One way Acworth and Kennesaw officials attack blight is with a blight tax.
Such ordinances inflate the city tax a property owner already pays, if their property fails to meet building code standards.
Acworth Mayor Tommy Allegood said a residential home valued at $200,000 pays the city a tax of $600 a year. If the resident incurred the blight tax, Allegood said the owner’s city tax would jump to $4,200 a year until the homeowner brought the dwelling into compliance with code.
“It allows us to assess both residential and commercial properties that are in very poor condition and to be able to create a special tax that would be attached to the property,” Allegood said. “When the owners of the property bring the property into compliance, then the blight tax would be removed.”
Since the Acworth City Council passed the blight ordinance at the close of 2013, Allegood said no one has been hit with the tax. Owners whose properties put them in danger of paying the sevenfold increase in city taxes are given several warnings before action is taken.
According to Allegood, the blight tax has produced positive results in Acworth without ever being levied.
“We have had very good success with property owners being responsive with these notifications,” Allegood said.
Kennesaw Mayor Mark Mathews said his city has also yet to collect a blight tax since Kennesaw’s City Council unanimously approved the measure in April.
“Basically, it’s just another tool for us to use in maintaining the property values in the city,” Mathews said of the ordinance, which operates in much the same way as Acworth’s.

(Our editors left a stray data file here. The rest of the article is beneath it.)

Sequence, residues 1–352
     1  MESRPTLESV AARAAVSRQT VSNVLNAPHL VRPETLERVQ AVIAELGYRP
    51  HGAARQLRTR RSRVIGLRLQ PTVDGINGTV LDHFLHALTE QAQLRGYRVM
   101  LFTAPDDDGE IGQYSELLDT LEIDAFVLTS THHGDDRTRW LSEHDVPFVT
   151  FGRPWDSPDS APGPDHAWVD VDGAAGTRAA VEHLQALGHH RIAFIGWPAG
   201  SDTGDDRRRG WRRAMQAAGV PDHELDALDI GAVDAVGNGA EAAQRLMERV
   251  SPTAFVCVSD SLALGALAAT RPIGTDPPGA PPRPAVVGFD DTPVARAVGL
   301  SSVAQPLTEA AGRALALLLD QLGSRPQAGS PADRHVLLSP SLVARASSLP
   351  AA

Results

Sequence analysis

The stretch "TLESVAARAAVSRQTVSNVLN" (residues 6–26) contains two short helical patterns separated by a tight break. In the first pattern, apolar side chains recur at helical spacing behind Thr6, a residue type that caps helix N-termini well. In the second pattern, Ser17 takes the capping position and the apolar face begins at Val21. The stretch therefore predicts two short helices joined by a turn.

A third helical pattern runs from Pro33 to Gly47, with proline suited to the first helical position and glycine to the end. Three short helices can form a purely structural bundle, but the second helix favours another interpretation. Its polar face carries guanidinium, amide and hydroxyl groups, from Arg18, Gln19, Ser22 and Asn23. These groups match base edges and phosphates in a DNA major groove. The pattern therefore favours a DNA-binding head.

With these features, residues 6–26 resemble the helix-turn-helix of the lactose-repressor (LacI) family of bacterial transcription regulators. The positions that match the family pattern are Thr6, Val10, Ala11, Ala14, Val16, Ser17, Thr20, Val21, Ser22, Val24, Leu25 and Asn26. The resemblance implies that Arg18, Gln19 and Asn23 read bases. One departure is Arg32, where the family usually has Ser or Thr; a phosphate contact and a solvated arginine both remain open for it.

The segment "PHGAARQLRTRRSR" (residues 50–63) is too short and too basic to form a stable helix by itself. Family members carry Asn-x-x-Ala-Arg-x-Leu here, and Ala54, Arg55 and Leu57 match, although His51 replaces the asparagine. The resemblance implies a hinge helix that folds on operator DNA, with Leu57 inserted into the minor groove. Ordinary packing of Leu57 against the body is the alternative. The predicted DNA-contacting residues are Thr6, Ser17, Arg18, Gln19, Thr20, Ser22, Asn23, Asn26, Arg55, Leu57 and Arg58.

Mathews noted the importance of the tax given “the recent recession and foreclosure rates and properties left vacant.”
Amy Henderson, spokeswoman for the Georgia Municipal Association, said the notification process involved with a tax used by Acworth and Kennesaw is only effective to a certain point.
“In some cases, sending notice to the owner is sufficient to get them to correct the situation,” she said.
“Sometimes, though, the local government doesn’t know who the owner is.”
Henderson said Georgia’s nuisance laws would come into effect in the event the county could not locate the property’s owner or the bank in possession of its title.
After running notifications through legal channels, Henderson said, the county could take action on those blighted properties.
“If they don’t hear from the property owner, the government can do what it needs to do and then place a lien on the property for the cost of the repairs (or) tear-down,” Henderson said.
Cupid said commissioners would need to “assess” any such measures before penalties were imposed in south Cobb.